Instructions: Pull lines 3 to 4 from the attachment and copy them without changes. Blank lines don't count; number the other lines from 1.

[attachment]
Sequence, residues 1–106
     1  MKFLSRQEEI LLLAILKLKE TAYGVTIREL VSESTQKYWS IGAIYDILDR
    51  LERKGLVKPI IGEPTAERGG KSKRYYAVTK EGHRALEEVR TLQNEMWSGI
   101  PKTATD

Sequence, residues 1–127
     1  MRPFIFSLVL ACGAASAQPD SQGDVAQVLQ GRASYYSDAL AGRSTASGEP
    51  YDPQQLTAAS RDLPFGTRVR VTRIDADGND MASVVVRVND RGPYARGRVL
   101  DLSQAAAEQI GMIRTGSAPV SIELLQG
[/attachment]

    51  LERKGLVKPI IGEPTAERGG KSKRYYAVTK EGHRALEEVR TLQNEMWSGI
   101  PKTATD